You’ll only see the bad news, but there’s still a lot of safe places in Hong Kong, and it’s a very beautiful place. I was not that affected by the protests. It was only at the end that it got out of hand. My mom would call me a lot while I was there about the news and the protests, asking me if I was okay, and at the time I felt safe and things didn’t affect me. But then it grew and that was when I left.
The Link: What did the protests look like?
Mercedes: The protesters would cause a scene and make a mess, like smashing things to make the cops and the government realize that this is not what they want. They wanted to be seen and have a voice of their own. This is the thing—we never have complete information. You never know if the cops are bribed by China, and that’s something a lot of people think. You don’t really see the bad stuff from the cops in the news, but if you go on YouTube, the ambulance would try to save people in the metro and couldn’t. You had cops dressed in black looking like protesters who would beat people up. When the ambulance tried to get in, the cops didn’t allow them to. The paramedic was like, “I’m just trying to save my people,” and one guy was saying, ‘I always wanted to be a cop, but you really let me down.” One woman was saying “Just let me save our people, then you can take me,” and the cops closed the metro gates on them and wouldn’t let them save people. The people who were injured were just stuck down there and they were bleeding and needed help.
I know protesters have been getting out of hand lately, but I think the reason protesters are really mad is because even back when protesters weren’t as violent, the cops wouldn’t use batons to arrest people and used guns instead. In another video I saw, two protesters didn’t do any harm to the cop but came too close to them, and the cop just shot one guy, and his liver or kidney got damaged. The cop arrested the guy, and he was hurt and dying and no one called for help. A woman tried to call and she got arrested, too, and she was just trying to help the guy. I don’t really know where I stand, but I do feel bad for the students.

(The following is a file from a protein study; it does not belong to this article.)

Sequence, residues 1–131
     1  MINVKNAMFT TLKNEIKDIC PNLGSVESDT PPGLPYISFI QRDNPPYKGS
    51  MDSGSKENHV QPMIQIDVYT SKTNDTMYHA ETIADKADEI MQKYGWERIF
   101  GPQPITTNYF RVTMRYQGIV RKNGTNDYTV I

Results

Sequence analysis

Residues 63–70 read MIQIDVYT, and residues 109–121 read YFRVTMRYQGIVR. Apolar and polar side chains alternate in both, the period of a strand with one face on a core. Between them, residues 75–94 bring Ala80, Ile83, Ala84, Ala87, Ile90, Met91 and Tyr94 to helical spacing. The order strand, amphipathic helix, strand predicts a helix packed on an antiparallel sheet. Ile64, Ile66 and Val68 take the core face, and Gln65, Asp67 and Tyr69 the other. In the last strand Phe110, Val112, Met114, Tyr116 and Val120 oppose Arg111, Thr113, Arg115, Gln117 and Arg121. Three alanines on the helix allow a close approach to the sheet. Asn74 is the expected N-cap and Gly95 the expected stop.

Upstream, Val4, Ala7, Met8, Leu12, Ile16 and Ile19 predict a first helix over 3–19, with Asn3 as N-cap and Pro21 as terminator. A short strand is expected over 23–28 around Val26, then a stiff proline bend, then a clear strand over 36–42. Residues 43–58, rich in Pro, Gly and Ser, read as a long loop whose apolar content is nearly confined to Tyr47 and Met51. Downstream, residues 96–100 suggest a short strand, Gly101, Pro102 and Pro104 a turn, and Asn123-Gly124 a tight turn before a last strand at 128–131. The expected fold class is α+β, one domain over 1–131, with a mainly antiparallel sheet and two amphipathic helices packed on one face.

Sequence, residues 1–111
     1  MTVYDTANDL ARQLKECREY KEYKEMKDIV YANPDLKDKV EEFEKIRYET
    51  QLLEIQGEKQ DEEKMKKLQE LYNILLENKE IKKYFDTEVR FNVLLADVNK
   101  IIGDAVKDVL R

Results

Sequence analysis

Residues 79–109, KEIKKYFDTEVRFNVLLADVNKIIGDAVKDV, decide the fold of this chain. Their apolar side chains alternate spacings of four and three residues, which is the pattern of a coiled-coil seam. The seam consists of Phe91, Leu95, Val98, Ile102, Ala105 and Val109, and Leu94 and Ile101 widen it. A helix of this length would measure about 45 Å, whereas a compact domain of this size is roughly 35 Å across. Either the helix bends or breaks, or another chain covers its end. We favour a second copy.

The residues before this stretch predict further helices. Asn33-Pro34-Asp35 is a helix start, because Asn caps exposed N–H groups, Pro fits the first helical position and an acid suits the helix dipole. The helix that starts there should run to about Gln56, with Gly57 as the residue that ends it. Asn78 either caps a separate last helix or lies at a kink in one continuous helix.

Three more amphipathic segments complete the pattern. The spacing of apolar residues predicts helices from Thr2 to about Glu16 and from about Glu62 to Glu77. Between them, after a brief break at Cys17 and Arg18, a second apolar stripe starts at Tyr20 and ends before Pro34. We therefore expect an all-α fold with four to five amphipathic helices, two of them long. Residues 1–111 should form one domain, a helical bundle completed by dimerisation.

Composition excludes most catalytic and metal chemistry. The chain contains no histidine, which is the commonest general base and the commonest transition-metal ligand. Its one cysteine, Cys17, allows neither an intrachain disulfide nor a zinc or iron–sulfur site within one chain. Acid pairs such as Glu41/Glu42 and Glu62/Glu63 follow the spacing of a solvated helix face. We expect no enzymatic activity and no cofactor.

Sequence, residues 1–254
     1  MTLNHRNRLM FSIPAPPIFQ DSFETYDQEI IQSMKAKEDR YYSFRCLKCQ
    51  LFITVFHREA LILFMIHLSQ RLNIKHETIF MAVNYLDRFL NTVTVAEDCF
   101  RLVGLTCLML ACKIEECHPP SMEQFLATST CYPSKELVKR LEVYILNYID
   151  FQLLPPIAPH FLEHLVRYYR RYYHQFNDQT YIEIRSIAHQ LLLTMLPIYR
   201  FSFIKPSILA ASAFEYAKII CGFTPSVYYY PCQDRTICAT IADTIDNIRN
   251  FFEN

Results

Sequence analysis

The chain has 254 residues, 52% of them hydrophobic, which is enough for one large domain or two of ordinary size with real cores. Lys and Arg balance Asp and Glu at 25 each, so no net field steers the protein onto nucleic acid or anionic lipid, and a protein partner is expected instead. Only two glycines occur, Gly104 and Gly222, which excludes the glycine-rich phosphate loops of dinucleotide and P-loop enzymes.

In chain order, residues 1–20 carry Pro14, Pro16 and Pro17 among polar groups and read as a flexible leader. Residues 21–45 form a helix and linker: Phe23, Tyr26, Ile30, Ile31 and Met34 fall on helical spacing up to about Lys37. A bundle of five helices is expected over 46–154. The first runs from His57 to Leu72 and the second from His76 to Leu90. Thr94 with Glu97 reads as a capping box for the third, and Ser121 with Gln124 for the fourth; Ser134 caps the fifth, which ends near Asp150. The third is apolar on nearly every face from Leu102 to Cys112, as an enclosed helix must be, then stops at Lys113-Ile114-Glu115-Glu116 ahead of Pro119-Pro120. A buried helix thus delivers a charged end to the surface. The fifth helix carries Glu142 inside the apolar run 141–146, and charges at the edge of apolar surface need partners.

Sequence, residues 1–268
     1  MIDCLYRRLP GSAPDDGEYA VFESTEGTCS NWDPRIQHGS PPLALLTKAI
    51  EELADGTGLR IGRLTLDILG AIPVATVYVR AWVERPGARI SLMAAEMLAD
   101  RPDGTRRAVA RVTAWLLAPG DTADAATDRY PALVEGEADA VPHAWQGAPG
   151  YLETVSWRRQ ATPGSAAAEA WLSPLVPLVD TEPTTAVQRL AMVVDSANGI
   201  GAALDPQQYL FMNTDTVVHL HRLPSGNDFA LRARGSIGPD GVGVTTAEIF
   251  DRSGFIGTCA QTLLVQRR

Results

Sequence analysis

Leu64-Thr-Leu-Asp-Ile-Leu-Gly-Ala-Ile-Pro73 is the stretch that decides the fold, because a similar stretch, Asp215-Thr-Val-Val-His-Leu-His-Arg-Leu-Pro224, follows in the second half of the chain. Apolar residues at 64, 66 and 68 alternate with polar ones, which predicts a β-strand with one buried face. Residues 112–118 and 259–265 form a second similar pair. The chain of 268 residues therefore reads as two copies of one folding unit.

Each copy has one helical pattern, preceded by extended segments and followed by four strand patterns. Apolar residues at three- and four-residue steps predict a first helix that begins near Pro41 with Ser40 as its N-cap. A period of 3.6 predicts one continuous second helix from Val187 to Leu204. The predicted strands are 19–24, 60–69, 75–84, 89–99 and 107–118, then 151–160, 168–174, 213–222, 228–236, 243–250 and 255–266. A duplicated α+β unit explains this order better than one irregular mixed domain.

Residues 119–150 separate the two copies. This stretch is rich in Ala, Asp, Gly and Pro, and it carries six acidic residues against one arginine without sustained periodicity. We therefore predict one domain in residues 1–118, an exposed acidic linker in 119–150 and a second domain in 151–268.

I remember the slogan “eye for an eye,” because a cop accidentally shot a girl in the eye and left her blind. When you start to hurt people, kill people, use a lot of violence, even to this day certain local people like my cousin say, “You never know who is causing a fire at a school or breaking down shopping malls. It could be undercover cops trying to make protesters look bad,” and that was present before. Like I said, both sides are getting violent, so you never know. But for a while it was to make the protesters look bad.
The Link: What do you want people reading your story to learn from your experience?
Mercedes: I guess I just want them to realize they can of course have their own opinion and judgment, but at the end of the day, you’re missing information and you never know what’s really out there. You don’t know the truth and you can’t always depend on the news to give you evidence of everything. You have to be aware of both sides, try to understand, and not be super opinionated.
There are certain people I spoke to who are really on one side, and I could understand, but being there for four months, when you actually see it in person, it’s different. At first, before going, I was more against the protesters, but once I left and came back here, I felt bad for the students, and it grew on me. My aunt would say the news is brainwashing me, but you can’t just see what’s on the news. We don’t know what’s happening between the government and cops and who’s bribing who.
I hope one day I can go back and either see Hong Kong’s victory, but I’ll be okay with whatever happens. I just hope it will return to being more peaceful like it was because there are high costs associated with repairing the whole city.
*Last name omitted for privacy and security.